I attended the Tiny House Conference this past weekend in Charlotte and I can honestly say I have never been to a conference where just about every session touched on some aspect of dealing with human excrement. But the truth of the matter is, whether you live in a tiny house, a tent, a ranch-house or even a McMansion, you’ve got to come up with a way to handle your poop.
Why? Because if you don’t handle it right, someone’s going to get sick and it’s probably going to be you.
So the inside poop at the conference was you need to deal with poop from the get-go.
In a session on housing codes and tiny houses, poop was a big deal, though not as big of a deal as the stated need to pull a permit before you do anything involving a hammer and nail.
The overall codes message was “I am from the government and I am here to help you do things the way I want you to do them because there were problems in the past that you don’t understand or have taken the time to think about and study like I have.”
All of the sessions on building techniques, design, lifestyles and living off the grid also broached the poop subject, too. Event organizer Ryan Mitchell said poop comes up in just about every tiny house conversation, eventually.
The bottom line with building and housing codes is that if you live inside a city, plan to hook your toilet to the sewer system, or skip having a toilet in your house and use your neighbor’s facilities. I met several people who opted to do the latter, living in friends’ backyards and securing bathroom privileges when negotiating the terms of their stay.
A home-made composting toilet
Others use “composting toilets.” And by “composting toilets,” I mean a 5-gallon bucket with a toilet seat and a bag of cedar sawdust nearby to absorb liquids and mask odors. For the most part, they don’t live inside a city, so codes aren’t as big of an issue in their lives.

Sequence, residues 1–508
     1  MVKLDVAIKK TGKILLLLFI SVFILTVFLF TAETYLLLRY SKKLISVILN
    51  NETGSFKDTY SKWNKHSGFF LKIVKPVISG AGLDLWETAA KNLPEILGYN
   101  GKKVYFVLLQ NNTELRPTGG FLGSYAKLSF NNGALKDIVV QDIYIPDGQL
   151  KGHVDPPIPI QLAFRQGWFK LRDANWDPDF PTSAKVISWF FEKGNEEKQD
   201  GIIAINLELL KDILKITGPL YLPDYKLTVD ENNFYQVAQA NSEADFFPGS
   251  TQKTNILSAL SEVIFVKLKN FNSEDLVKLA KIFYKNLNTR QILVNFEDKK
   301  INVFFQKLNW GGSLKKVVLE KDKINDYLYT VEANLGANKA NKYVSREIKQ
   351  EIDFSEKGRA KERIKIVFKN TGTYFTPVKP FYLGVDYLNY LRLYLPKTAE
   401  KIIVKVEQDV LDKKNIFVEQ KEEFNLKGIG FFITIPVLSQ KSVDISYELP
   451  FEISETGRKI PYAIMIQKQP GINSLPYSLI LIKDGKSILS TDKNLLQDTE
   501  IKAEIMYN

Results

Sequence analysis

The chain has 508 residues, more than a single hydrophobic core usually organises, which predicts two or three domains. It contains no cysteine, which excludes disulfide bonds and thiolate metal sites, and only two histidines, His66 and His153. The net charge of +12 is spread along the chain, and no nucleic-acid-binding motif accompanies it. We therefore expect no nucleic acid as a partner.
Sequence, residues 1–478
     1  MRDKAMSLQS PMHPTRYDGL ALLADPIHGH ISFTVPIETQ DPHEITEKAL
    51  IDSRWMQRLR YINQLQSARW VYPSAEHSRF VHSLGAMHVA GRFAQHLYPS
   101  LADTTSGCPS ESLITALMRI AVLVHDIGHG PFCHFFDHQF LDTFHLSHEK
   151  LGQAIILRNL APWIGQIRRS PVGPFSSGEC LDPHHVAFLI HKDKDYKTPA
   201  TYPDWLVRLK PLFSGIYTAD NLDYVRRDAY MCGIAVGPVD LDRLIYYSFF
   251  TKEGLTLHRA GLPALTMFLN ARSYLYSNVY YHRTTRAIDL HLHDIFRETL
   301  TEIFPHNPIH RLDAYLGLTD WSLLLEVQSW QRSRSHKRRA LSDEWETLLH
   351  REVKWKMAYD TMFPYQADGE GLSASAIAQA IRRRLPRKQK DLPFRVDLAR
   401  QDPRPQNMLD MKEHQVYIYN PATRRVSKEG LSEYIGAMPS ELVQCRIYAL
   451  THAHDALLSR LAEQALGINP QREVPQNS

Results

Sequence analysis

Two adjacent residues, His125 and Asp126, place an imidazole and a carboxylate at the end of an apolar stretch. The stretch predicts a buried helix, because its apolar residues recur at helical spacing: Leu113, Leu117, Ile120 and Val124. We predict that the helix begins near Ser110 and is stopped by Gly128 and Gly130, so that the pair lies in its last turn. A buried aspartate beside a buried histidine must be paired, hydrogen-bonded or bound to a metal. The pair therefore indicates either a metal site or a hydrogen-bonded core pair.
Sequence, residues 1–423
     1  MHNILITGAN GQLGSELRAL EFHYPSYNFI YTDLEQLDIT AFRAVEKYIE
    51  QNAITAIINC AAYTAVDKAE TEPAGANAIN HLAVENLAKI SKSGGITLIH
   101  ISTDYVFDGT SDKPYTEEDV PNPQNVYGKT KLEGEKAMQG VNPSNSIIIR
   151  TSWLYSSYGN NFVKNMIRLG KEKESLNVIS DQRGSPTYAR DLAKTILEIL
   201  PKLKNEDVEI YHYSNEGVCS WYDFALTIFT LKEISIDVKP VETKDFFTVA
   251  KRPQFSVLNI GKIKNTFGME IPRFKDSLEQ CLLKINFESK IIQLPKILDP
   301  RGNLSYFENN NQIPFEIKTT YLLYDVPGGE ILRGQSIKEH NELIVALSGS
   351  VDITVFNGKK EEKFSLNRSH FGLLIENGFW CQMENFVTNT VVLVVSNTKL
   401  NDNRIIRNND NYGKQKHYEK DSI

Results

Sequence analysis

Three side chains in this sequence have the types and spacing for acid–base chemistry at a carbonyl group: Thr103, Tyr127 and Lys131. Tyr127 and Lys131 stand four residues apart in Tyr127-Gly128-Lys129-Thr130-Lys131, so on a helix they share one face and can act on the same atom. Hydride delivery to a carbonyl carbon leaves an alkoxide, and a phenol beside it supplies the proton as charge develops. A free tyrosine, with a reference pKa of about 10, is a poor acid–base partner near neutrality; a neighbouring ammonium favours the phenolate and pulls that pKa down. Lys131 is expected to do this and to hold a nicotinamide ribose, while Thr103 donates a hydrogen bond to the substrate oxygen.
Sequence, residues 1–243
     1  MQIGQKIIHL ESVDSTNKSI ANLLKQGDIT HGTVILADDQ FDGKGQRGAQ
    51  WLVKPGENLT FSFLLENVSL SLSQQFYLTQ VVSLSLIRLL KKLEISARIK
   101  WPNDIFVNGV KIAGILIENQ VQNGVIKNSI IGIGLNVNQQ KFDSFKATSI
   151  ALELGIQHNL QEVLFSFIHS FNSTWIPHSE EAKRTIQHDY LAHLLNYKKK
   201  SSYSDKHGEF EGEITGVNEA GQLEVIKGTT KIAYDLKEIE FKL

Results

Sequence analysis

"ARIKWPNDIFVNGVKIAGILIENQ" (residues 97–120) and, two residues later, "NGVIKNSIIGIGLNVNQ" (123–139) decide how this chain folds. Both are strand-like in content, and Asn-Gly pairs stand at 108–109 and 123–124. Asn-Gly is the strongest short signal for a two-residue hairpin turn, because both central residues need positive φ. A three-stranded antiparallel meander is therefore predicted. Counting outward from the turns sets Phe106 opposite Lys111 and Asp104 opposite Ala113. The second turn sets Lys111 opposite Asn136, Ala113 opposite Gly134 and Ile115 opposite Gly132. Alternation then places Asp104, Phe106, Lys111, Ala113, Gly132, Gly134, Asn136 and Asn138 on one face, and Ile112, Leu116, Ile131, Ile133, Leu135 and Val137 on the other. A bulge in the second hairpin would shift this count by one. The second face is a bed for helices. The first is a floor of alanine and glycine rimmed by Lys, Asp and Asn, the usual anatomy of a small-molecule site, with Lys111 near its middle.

We had a fishing camp when I was a kid that had a cesspool, which was an upgrade in South Louisiana, where most camp toilets involved a board with a hole in it perched above a body of water that would wash the poop away really quickly. Out of sight, out of mind. But I digress.
A store-bough composting toilet
A couple of the model homes at the Tiny House Conference had store-bought composting toilets. Those are great, but somewhat pricey and can be quirky to use. A good composting toilet can set you back at least $1,000. Poop is big business.
Personally, my plans involve a septic tank. Why? Because you need one to get health department approval for your home if there’s no sewer system around.
In my life, I have pooped in garbage bags inside of buckets, I’ve hung my butt over the side of boats in a canal and logs in the forest. I have used chemical toilets, camping toilets, portable toilets and outhouses. I’d rather not have my house smell like any of them. A septic system will do just fine. And the grass above it will always be green.
I learned lots of things at the conference and met some really great people. I’ll have more on the conference later on. But for now, just know this. If you’re going to talk about a tiny house, be prepared to discuss poop. It will come up in the conversation.